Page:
Infiltration Analgesia in Major Lumbar Spine Surgery

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Infiltration Analgesia in Major Lumbar Spine Surgery

High-volume local infiltration analgesia is effective in knee arthroplasty, but the analgesic efficacy of systematic infiltration with high-volume local anesthetic in major lumbar spine surgery in L3 to S1 has not been clarified. A trial to evaluate the analgesic efficacy of intraoperative Local Infiltration Analgesia (LIA) administration and postoperatively via injections through intraoperatively placed wound catheters. In a randomized, double-blind, placebo-controlled trial in 48 patients undergoing major lumbar spine fusion surgery, 70 mL saline (n=24) or ropivacaine 0.5% with adrenaline (n=24) was infiltrated using a systematic technique to all tissue incised, handled or instrumented during surgery and with repeated injections at 6, 12 and 24 h postoperatively with 10, 10 and 20 mL. Twenty-two patients in each group were used for analysis.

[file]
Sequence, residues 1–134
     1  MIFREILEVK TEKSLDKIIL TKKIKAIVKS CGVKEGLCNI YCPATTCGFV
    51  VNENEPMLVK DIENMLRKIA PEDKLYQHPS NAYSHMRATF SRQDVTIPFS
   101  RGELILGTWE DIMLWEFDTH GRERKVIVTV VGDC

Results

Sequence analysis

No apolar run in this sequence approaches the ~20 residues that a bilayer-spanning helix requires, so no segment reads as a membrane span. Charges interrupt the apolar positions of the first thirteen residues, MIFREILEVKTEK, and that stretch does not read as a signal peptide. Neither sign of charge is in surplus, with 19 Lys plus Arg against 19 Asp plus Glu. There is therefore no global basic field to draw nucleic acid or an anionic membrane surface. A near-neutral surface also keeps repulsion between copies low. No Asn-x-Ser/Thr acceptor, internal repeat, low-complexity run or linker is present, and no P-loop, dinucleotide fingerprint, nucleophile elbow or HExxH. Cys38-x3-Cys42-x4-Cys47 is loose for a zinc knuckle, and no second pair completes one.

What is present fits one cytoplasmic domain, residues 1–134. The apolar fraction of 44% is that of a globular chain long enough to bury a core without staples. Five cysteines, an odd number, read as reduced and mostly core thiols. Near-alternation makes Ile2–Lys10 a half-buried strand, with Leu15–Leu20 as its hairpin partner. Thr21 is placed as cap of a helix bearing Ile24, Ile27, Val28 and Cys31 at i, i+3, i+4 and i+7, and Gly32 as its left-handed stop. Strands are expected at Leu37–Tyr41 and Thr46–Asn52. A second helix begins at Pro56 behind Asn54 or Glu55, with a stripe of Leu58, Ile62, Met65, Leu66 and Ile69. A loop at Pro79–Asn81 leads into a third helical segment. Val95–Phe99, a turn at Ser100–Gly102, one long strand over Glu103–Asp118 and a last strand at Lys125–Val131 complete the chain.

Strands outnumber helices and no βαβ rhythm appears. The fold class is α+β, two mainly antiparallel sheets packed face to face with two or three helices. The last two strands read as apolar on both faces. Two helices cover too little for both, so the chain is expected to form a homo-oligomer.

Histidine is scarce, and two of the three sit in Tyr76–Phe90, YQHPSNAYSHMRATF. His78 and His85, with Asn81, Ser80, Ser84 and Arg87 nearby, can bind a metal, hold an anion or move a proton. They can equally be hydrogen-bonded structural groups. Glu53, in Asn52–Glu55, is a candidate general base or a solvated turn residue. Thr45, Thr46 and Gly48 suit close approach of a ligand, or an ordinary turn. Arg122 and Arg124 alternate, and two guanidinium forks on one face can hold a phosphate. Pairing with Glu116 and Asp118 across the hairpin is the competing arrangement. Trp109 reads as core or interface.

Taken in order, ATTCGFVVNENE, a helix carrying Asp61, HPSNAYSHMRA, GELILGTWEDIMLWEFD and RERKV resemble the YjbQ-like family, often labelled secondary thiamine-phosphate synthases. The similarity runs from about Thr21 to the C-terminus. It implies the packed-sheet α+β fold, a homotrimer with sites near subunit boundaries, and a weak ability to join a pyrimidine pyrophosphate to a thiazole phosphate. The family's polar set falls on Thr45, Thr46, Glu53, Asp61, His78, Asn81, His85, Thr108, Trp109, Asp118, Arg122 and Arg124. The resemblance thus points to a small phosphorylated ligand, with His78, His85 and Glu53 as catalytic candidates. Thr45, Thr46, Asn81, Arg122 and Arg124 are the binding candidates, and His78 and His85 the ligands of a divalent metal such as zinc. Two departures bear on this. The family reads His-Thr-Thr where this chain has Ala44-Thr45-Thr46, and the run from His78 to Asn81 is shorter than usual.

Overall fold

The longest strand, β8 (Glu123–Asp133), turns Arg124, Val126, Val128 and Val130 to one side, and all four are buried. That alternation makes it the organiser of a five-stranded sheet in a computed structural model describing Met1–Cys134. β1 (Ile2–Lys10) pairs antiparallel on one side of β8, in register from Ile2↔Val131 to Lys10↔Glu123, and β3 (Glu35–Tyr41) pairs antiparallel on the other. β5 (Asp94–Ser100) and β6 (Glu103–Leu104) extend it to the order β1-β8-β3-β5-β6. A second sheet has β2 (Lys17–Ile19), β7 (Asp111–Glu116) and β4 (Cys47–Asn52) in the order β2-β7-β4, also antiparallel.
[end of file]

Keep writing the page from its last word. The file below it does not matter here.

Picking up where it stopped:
Citation: Kristensen BB, Karacan H, Agerlin M, Nimb L, Stentoft J, et al. (2014) High-Volume Infiltration Analgesia in Major Lumbar Spine Surgery. A Randomized, Placebo-Controlled, Double-Blind Trial. J Anesth Clin Res 5:450. 


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